According to Charles Quest-Ritson, author of “Climbing Roses of the World”, writes “the clone currently in cultivation was likely grown from seeds imported from Japan and acquired by Phillipe Noisette, a London market gardener. Brent Dickerson, author of “The Old Garden Rose Advisor”, writes about R. multiflora ‘Polyantha’, also grown from seeds imported from Japan that “It is evidently quite variable, and the small number of seeding it has given us have sometimes differed from the type so much that none of the characteristics of the original are preserved.” So, is it safe to assume that seedlings of the ‘Seven Sisters’ roses, also R. multiflora, acquired from Japan may have varied in breeding lines and traits? Once the ‘Seven Sisters’ rose was introduced (1815), it took a few years for it to gain in popularity, but eventually in the mid-century, rose sales started to take off. As the public demand exceeded the supply, nurseries started selling knock-off versions of ‘Seven Sisters’, creating even more confusion.

Characteristics (common to the real ‘Seven Sisters’)

‘Seven Sisters’ is a medium pink blend Hybrid Multiflora, once-blooming in the spring or early summer, born in large clusters, with individual flowers being less than 2-inches. Height can reach 10 to 20-ft and can get 10-ft wide. Hardy from zones 4b to 9b but tends to be shorter and smaller in colder zones. ‘Seven Sisters’ is not picky, it will grow well in dry or wet, acid or alkaline soil. Prefers full sun but can tolerate some light shade. Being hardy and disease resistant, as well as easy to propagate, ‘Seven Sisters’ is an ideal rose to grow and share with your friends and rose enthusiast. After all these years, ‘Seven Sisters’ is still an intensely popular rose in the landscape.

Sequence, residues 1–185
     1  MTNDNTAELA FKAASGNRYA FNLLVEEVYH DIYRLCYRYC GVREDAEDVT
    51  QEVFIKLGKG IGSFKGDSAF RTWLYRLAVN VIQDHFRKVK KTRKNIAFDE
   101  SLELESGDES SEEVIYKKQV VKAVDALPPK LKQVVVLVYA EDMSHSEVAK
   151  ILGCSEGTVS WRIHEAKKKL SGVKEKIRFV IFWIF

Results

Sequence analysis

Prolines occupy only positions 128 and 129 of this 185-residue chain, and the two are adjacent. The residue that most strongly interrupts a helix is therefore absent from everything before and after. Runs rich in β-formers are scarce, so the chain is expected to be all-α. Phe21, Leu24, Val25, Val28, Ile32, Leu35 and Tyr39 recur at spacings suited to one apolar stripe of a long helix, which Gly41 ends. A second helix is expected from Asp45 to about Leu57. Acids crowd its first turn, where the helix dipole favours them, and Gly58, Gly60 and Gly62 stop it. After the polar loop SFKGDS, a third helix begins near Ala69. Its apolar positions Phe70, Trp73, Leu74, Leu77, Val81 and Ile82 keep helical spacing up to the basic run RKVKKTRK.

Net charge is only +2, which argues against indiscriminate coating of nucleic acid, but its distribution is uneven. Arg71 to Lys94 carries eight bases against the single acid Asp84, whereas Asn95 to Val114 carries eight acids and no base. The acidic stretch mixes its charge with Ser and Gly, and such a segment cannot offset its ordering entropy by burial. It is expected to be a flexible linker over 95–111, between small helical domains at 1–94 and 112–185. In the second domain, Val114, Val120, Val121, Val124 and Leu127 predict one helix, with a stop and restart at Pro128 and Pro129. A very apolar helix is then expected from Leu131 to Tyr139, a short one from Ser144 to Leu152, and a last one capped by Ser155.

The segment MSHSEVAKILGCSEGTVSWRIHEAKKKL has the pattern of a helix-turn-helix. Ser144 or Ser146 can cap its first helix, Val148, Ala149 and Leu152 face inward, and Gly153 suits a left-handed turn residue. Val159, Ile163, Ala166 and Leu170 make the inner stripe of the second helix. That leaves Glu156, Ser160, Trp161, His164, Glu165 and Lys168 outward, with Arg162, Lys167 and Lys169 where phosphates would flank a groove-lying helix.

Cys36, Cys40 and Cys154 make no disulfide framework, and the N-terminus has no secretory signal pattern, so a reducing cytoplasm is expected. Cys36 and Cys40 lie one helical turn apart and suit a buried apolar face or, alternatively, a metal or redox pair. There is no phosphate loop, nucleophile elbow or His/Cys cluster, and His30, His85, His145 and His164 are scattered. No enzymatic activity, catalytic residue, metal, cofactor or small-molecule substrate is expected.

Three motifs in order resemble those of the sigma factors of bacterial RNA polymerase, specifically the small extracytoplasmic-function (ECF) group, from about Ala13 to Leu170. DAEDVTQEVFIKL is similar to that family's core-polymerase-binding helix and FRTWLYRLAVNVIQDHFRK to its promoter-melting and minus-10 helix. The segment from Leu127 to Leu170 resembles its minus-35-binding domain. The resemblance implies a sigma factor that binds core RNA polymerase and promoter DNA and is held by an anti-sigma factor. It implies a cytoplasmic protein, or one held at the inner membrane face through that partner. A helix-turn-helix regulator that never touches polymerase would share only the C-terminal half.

‘Seven Sisters’ is the ARS approved registration name. Alternative cultivar names may include: ‘Grevillei’, Grevilli major’, ‘Oizimei’, ‘Rosier Multiflore a Grandes Feuilles’, Rosa thoryi, Rose multiflora f. platyphylla. Most American rose nurseries sell this version as the real ‘Seven Sisters’, so ladies, please standup.

Alias Seven Sisters includes (but not limited to): ‘Red Seven Sisters’ (not registered) and Félicité-Perpétue (HSem).

‘Seven Sisters’ is comfortable on an old farm fence or a formal rose bed. Regardless of where ‘Seven Sisters’ is planted, it will bring you happiness for years. Photo reprinted with permission from Jonquil Junction (Arkansas).

Labeled ‘Seven Sisters’, most likely the “Red” version.  ‘Red Seven Sisters’ is a found rose, hybrid multiflora, once-blooming, hardy zone 6b to 8. Growth habit is similar. Reprinted with permission by Rich Baer, photo taken at a Llama farm in Washington State.

‘Seven Sisters’ Félicité-Perpétue (Hybrid Sempervirens) was hybridized by Antoine Jacques (French breeder) in 1827. This ‘Seven Sisters’ is white or near white with a blush of pink. Its growth, habit, bloom and form are similar to her medium pink counterpart. Hardy between 6b and 10b.Reprinted with permission by Lee Tomlinson, photo taken at San Jose Historic Rose Garden.